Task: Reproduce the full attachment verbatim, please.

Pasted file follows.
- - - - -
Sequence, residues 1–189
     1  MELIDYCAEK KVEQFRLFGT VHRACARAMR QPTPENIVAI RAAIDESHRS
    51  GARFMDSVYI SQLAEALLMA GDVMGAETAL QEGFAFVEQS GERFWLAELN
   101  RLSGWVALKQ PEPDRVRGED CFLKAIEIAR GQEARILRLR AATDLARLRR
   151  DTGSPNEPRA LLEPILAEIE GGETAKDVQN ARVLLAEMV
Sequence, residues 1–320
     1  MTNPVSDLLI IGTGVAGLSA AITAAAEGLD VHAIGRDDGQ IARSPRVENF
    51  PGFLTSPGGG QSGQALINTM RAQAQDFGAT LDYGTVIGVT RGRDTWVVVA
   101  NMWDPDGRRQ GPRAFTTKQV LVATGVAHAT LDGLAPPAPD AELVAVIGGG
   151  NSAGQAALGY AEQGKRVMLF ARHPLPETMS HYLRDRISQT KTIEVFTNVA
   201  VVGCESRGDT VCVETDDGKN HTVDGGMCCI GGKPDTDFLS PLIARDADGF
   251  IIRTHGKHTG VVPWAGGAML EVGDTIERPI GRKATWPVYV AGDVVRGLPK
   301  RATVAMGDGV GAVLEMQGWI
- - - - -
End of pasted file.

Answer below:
Sequence, residues 1–189
     1  MELIDYCAEK KVEQFRLFGT VHRACARAMR QPTPENIVAI RAAIDESHRS
    51  GARFMDSVYI SQLAEALLMA GDVMGAETAL QEGFAFVEQS GERFWLAELN
   101  RLSGWVALKQ PEPDRVRGED CFLKAIEIAR GQEARILRLR AATDLARLRR
   151  DTGSPNEPRA LLEPILAEIE GGETAKDVQN ARVLLAEMV
Sequence, residues 1–320
     1  MTNPVSDLLI IGTGVAGLSA AITAAAEGLD VHAIGRDDGQ IARSPRVENF
    51  PGFLTSPGGG QSGQALINTM RAQAQDFGAT LDYGTVIGVT RGRDTWVVVA
   101  NMWDPDGRRQ GPRAFTTKQV LVATGVAHAT LDGLAPPAPD AELVAVIGGG
   151  NSAGQAALGY AEQGKRVMLF ARHPLPETMS HYLRDRISQT KTIEVFTNVA
   201  VVGCESRGDT VCVETDDGKN HTVDGGMCCI GGKPDTDFLS PLIARDADGF
   251  IIRTHGKHTG VVPWAGGAML EVGDTIERPI GRKATWPVYV AGDVVRGLPK
   301  RATVAMGDGV GAVLEMQGWI